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Frank A. Perret Museum of Saint-Pierre, Martinique gets a new face and name

Press release

This totally revamped & virtually new museum was founded in 1933, is the idea of the self taught American volcanologist and engineer Frank A. Perret who helped in the reconstruction of Saint-Pierre. This passionate man was adamant about collecting and preserving objects after the eruption

Marble Courtyard Boutique at Versailles

The Marble Courtyard boutique opens at the Palace of Versailles

Press release

The Palace of Versailles and the Réunion des Musées Nationaux - Grand Palais are pleased to offer visitors to the Palace a refurbished retail outlet at the heart of the tour. The three members of A Paris chez Antoinette Poisson worked with the interior design studio Supercraft to design the layout of the Marble Courtyard boutique, under the supervision of Frédéric Didier, chief architect of Historic Monuments in charge of the Palace of Versailles.


Top French Cities - Versailles at a glance

Press release

For more information, visit the Versailles Tourism Office at

City region: Paris Ile-de-France

Population & what they are called: 85,461 inhabitants (2014 census), called Versaillais

Access from Paris:

  • by road: about 30 min (13 miles)

  • by train: about 30 min

Famous native daughters & sons:

  • Agnes Troublé, fashion designer, founder of Agnès B

  • Stéphane Audran, actress

  • Bruno and Denis Podalydès, brother actors

Most distinctive and/or unique fact or trait (or little known fact):

  • Because of the Château de Versailles, the town of Versailles was the capital of France from Louis XIV's reign until the French Revolution.

  • In history, Versailles is known as a place where important treaties were signed, such as the Treaty of Paris (1783), which ended the American Revolutionary War, and the Treaty of Versailles, after World War I.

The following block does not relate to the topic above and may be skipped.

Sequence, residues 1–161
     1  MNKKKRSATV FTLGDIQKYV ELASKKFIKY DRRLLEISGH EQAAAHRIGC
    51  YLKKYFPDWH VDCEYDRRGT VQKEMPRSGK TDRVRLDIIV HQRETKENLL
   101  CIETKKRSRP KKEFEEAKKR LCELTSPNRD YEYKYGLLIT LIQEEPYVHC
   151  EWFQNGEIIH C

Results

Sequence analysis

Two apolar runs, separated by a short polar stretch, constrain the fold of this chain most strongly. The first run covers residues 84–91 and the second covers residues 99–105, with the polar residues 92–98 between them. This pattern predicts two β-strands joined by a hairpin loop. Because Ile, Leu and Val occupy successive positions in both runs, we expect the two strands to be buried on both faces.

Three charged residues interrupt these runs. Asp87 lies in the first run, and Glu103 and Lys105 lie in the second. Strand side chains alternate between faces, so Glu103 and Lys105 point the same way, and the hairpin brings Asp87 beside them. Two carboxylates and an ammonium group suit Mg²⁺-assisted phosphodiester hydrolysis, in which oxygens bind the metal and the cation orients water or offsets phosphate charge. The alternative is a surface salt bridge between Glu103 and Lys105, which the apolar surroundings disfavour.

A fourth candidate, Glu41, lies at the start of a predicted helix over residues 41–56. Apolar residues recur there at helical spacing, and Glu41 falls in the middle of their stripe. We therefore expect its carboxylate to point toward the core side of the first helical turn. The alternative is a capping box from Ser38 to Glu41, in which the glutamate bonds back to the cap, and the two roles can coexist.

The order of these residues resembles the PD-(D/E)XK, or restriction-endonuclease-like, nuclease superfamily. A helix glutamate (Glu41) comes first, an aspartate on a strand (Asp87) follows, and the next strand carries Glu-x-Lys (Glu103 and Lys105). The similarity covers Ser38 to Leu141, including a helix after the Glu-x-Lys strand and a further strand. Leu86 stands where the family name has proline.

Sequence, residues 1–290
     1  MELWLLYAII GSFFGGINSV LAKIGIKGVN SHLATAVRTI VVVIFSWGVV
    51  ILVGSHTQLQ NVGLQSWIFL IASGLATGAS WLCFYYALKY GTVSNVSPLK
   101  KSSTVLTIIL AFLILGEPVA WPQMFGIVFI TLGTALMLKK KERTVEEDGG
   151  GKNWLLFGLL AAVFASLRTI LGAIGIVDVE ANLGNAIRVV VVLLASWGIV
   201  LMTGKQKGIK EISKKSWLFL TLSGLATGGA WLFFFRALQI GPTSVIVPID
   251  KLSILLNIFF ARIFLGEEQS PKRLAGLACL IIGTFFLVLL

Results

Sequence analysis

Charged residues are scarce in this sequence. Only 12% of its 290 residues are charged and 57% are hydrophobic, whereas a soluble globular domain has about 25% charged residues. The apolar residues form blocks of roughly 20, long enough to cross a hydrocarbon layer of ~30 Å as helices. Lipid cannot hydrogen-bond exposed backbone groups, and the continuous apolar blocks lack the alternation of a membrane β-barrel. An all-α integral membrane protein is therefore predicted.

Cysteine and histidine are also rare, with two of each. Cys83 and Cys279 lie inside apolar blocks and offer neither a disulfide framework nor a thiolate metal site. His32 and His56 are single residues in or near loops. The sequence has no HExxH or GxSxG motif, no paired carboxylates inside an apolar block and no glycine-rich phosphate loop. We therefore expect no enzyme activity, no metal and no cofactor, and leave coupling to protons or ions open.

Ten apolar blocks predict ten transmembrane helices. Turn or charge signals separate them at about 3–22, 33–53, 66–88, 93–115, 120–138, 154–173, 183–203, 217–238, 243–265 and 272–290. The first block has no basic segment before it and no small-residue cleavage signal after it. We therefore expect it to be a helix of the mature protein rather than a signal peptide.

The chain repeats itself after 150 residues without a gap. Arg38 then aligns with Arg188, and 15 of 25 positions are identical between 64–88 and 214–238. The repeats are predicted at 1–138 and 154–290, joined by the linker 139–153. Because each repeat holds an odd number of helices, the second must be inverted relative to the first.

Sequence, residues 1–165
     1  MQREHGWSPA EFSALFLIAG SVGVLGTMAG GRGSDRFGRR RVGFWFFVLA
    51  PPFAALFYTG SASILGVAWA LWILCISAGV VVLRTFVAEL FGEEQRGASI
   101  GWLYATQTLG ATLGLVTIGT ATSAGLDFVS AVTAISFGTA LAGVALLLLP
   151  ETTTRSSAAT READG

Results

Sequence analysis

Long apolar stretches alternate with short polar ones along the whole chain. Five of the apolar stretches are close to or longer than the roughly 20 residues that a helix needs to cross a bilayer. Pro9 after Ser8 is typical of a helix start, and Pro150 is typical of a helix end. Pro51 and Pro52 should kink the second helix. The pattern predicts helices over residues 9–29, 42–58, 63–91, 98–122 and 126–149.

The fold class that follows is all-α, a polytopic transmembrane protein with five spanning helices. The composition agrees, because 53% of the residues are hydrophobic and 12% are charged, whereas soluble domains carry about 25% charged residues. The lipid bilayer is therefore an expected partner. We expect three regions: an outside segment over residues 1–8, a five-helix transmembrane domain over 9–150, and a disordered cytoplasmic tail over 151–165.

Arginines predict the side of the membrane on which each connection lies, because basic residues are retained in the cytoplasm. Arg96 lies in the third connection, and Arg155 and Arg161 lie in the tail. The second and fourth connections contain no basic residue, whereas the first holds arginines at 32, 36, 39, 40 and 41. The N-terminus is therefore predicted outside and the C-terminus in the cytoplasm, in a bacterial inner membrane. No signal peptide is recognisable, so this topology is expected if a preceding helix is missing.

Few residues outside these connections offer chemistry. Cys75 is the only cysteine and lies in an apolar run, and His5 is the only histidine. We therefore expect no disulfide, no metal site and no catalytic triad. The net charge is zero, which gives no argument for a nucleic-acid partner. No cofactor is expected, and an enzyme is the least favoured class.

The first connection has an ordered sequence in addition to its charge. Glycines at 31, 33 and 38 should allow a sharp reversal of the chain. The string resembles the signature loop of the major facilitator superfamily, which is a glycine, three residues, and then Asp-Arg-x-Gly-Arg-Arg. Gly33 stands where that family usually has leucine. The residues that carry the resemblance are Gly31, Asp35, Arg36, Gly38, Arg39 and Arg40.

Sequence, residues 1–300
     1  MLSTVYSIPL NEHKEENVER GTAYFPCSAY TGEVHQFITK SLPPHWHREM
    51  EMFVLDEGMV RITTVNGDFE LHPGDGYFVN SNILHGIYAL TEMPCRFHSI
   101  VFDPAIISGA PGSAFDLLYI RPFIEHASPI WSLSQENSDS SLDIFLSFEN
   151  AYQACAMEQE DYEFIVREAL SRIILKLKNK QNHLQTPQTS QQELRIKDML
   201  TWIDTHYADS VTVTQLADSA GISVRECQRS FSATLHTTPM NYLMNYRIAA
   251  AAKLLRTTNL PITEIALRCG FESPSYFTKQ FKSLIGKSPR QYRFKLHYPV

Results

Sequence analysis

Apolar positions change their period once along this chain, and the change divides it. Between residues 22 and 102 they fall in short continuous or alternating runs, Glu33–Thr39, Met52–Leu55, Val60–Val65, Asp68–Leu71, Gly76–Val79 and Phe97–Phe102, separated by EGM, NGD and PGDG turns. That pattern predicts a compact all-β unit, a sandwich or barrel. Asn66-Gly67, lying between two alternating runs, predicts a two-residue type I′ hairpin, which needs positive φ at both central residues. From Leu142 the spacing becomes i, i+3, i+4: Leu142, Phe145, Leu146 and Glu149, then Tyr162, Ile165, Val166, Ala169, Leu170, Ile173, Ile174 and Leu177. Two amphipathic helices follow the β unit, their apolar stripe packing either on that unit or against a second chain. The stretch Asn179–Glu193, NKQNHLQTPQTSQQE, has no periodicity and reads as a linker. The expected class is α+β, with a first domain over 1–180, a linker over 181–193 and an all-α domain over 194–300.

Notable sites:

  • Palais de Versailles – the opulent ensemble that includes the Palace of Versailles, the Trianon Palaces, Marie Antoinette’s Estate, André le Nôtre gardens and the park (

  • Potager du Roi – the huge vegetable gardens used to fill the table of Louis XIV (

  • Académie Equestre Nationale de Versailles – an equestrian show like no other, with horses and riders from the National Equestrian Academy (

Top annual events:

  • Le Mois Molière – a theatre and music festival promoting the renewal of popular theatre (

  • Versailles Jazz Festival – a music event focusing on jazz (

Most notable museums:

  • Galerie des Carrosses (Grande Écurie) – a collection of horse carriages, mostly from the 19th century, located in the Great Stables

  • Salle du Jeu de Paume – a museum about the French Revolution

  • Musée Lambinet – the museum of the city of Versailles, located in an 18th-century mansion

Culinary specialties:

Local wines & spirits:


  • Marché Notre-Dame – on alternating days, good for food and household goods

  • Quartier des Antiquaires – aka the Quartier de la Geôle, antique shops set in a cluster of small streets around the old bailiff’s offices

  • Cour des Senteurs – an olfactory trail enabling visitors to discover the world of scents and perfumes

Most popular night spots:

  • Baradoz – pub with a good range of Beligian beers, whiskies and wines, plus excellent cheeses

  • Montbauron – a bar-brasserie with a good selection of drinks

  • O’Paris – a surprisingly charming fusion of Irish and French traditions

Local population’s favorite activities (or hangouts):

  • Grand Musical Fountain Shows – glorious walks through France’s most amazing gardens during which the fountains and jets are active in time with great classical music (

  • parks – palace and municipal parks account about 50% of the city and are easy to reach for a run, bike ride, boat ride or moment of calm

  • theater – a good number of stages (Opéra Royal, Théâtre Montansier, Centre de Musique Baroque, La Royale Factory), several associated with the palace, mean there is always good theater and music being performed

Local industries:

  • Craftsmen – Versailles and its surroundings welcome more than one hundred craftsmen working in different disciplines: luthiers, creators cabinetmakers ...

  • Specialized Higher Schools – School of architecture, National School of Landscape, International Institute of Perfume and Cosmetics, school of mural art, school of Fine Arts, Regional Music Conservatory

In Pop Culture:

  • A Little Chaos (Les jardins du roi) – the 2015 film directed by Alan Rickman in which Kate Winslet plays a fictional landscape gardener and Rickman plays King Louis XIV

  • Dangerous Liaisons (Les Liaisons dangereuses) – the Oscar-winning 1988 historical drama by Stephen Frears starring Glenn Close, John Malkovich and Michelle Pfeiffer

Le Havre

Top French Cities - Le Havre at a glance

Press release

For more information, visit the Le Havre Tourism Office at